Aquatic Plants A-Z: Anubias

Written by George Farmer

George Farmer gives us the lowdown on amazing Anubias, how to use it, care for it and what makes it special. 

Anubias species and its many varieties, especially the smaller-leaved types are an incredibly popular and easy aquarium plants suitable for almost any aquascape.

Anubias is an epiphyte plant, which means it grows attached to wood or rocks in nature. It should also be attached to hardscape in the aquarium with the rhizome (the part where the roots grow from) exposed to open water. If the rhizome is buried in the substrate then it can rot. It does well in shaded areas where light levels are limited and it’s a very slow grower. In high levels of lighting algae growth on the leaves is likely so consider your plant positioning.

Anubias leaves are very tough and can even withstand some herbivorous fish so you can potentially use it in goldfish and African cichlid aquariums. Because it is a very slow growing plant it does not require high nutrient levels or CO2 injection, making it suitable for low-tech aquascaping. Maintenance levels are very low with most species only producing a new leaf every month or so. You can attached to plant to rocks and/or wood using a variety of techniques such as tying with cotton thread, cable ties or even gel-type superglue. You can also simply insert the rhizome and roots in-between wood or rock nooks and crannies. The roots will eventually creep along the hardscape and self-attached. The most popular species is Anubias nana and its smaller leaved sub-species such as A. ‘Petite’ and A. ‘Pangolino’.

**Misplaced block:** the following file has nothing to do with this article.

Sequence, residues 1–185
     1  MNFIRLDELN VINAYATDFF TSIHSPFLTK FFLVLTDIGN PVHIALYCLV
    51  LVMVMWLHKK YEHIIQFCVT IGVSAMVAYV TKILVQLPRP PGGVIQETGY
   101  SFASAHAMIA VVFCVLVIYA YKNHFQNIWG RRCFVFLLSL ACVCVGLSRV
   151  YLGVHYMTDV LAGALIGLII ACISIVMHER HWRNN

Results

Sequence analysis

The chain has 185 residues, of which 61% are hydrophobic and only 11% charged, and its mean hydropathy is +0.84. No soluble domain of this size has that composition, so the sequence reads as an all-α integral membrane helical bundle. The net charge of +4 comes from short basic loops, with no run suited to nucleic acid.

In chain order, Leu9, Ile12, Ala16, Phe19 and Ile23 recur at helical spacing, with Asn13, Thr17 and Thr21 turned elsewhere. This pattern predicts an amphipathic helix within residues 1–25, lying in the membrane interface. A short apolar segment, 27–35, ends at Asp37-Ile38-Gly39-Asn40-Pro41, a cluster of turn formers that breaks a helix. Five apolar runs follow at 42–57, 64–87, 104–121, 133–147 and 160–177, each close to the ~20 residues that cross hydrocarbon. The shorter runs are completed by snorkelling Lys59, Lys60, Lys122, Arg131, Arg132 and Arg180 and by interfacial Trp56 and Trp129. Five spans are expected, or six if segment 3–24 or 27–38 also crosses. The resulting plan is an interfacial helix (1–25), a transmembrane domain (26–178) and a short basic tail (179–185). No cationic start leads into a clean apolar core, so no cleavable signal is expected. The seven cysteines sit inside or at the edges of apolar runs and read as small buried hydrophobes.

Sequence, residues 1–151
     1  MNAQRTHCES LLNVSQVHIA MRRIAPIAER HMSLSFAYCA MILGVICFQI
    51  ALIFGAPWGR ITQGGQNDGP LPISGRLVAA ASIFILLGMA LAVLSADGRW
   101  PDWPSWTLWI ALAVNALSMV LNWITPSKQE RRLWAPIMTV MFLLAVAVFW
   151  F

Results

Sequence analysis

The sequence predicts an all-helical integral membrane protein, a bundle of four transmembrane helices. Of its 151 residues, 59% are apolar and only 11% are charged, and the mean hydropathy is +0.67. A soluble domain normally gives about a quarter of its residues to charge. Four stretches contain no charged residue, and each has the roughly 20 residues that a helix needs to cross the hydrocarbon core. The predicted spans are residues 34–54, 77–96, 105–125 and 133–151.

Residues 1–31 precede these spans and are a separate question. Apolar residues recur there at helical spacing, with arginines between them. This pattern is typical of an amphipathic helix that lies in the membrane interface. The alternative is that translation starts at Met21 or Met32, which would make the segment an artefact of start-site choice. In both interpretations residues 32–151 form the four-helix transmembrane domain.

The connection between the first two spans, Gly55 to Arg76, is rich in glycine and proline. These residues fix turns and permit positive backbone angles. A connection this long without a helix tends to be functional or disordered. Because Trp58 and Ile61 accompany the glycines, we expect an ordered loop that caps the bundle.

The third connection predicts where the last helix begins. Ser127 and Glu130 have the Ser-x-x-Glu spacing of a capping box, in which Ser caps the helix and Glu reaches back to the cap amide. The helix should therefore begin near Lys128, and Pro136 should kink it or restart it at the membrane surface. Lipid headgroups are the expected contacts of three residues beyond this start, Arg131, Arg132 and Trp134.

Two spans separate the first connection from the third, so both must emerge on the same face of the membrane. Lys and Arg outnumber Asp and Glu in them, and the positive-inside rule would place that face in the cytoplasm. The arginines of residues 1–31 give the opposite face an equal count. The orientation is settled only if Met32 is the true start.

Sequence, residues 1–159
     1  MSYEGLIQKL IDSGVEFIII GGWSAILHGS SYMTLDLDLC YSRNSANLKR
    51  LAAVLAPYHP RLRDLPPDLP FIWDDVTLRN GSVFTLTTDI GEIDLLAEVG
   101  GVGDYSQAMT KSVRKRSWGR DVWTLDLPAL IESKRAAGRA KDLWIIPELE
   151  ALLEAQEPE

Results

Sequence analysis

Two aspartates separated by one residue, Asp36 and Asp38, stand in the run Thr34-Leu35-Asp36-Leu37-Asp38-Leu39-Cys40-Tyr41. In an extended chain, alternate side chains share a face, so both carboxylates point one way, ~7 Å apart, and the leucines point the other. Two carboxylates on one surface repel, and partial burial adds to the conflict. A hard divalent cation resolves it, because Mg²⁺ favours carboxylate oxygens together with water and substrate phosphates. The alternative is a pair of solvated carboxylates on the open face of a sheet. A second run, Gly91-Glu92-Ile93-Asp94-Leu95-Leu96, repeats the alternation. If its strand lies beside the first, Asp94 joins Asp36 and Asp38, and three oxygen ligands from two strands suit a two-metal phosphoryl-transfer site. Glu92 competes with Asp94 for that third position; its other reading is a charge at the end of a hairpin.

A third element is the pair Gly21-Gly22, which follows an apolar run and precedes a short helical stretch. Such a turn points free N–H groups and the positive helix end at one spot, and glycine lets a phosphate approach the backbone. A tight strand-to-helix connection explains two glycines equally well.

@georgefarmerstudios / Youtube.com/gf225